Red Devil? As-in the triple fan cooler?

We should have you monitor your GPU frequency, voltage, and temp during load. Can you fire up FurMark and GPUz and report your results?


Just to be clear about "Chill". It's a power saving feature offers up two FPS numbers to the user (must adjust this on a per-game basis).
  • The higher number tells the card a target max framerate. If the card is able to generate framerates in excess of this setting while at max frequency, the GPU will automatically down-clock itself so that it's not generating more frames than you need, which saves power. As King_V said, set this to your monitor's 75Hz/FPS limit.
  • The lower number allows the GPU to reduce its frequency even further during "scenes with little/no on-screen movement" (aka take your hands off the keyboard/mouse and watch the butterflies). For you, I'd recommend setting this at 45FPS so you can limit the instances where you might accidentally dip below your monitor's 40Hz/FPS limit (the split second where you begin moving again).
I'd recommend adjusting your in-game settings to target ~60-75FPS BEFORE you enable Chill.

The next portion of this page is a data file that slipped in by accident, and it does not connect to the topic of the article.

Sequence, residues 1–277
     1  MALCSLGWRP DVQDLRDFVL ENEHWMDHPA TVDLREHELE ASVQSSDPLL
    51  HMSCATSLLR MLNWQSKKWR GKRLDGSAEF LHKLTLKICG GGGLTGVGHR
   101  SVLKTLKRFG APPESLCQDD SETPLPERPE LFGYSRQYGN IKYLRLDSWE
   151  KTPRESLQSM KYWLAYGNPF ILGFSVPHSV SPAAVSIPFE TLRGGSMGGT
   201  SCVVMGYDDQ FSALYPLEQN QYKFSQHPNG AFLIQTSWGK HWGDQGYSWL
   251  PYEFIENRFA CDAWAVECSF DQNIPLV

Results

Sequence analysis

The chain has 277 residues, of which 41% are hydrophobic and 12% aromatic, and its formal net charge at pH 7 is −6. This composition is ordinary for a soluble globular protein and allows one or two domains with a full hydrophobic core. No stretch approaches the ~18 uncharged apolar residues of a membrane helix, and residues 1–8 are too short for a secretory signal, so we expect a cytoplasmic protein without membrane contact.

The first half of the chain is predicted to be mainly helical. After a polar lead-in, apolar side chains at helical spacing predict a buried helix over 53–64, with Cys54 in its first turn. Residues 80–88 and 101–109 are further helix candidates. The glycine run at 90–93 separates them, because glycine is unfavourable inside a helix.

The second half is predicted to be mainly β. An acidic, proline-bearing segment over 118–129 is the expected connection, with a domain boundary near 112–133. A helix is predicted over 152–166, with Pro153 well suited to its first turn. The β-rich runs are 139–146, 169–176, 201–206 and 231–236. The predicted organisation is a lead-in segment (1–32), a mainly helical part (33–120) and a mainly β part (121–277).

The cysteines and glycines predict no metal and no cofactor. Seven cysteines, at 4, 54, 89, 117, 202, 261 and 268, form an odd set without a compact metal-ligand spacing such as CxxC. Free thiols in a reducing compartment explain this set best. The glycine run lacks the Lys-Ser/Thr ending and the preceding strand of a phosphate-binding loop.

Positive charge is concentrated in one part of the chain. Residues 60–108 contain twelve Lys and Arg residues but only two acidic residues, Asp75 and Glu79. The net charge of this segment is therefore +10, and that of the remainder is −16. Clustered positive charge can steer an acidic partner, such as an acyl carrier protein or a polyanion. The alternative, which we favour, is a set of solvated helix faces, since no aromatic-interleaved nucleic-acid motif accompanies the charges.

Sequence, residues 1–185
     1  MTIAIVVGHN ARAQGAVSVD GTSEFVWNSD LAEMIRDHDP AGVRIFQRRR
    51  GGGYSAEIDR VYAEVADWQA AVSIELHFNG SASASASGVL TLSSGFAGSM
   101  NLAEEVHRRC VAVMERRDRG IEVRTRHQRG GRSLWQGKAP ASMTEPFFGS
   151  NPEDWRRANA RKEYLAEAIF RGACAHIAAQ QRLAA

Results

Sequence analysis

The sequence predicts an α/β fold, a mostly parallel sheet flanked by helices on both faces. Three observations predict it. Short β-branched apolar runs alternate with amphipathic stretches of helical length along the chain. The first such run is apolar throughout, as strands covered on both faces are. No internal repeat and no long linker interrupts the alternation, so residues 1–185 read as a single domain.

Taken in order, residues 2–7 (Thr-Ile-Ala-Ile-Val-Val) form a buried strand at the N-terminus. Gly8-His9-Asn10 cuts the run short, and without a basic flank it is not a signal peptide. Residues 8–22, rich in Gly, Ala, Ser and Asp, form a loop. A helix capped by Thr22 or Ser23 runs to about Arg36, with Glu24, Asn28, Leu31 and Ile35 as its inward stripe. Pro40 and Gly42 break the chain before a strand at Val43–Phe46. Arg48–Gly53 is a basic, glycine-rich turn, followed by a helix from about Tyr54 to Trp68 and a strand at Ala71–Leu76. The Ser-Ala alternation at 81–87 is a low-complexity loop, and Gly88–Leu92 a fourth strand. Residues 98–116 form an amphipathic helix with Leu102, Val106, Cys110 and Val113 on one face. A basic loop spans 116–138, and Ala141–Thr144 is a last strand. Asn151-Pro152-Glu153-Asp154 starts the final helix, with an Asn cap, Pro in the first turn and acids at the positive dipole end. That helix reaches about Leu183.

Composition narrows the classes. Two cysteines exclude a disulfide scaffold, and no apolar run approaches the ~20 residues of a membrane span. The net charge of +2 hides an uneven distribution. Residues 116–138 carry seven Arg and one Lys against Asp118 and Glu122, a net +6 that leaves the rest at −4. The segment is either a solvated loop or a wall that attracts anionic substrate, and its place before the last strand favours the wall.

Ah, good point - I was perhaps overly pessimistic with saying "anything" - as there are a number of games (Doom being one of them) that does in fact do well, speed wise.

Also, part of my son's use of Chill is to cap what the video card attempts to do. In a few of the games my son plays, you can hear the fans spinning up rather significantly when they try to get into the 60s and 70s - and I think one game even in the mid-50s, fps-wise. Of course, with Chill off, or set high enough, it'll the GPU will gleefully attempt to max itself out, and we'd rather keep it capped, and cooler/quieter.

My son also tends to prefer higher details, and is willing to sacrifice frame rate to an extent to do so.

45 is probably a good place to go for the minimum, as my son using the lowest available setting of 30 is, technically speaking, 5fps more than the 25 that the LFC feature on his monitor allows for.